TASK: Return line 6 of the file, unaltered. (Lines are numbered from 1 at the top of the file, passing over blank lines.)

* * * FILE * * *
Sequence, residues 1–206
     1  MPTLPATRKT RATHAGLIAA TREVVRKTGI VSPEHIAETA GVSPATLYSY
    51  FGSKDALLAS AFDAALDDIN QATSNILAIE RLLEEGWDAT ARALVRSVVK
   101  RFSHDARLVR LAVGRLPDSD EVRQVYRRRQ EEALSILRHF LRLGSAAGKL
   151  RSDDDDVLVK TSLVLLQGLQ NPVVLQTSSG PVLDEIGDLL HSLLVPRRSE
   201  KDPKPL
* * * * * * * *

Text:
   201  KDPKPL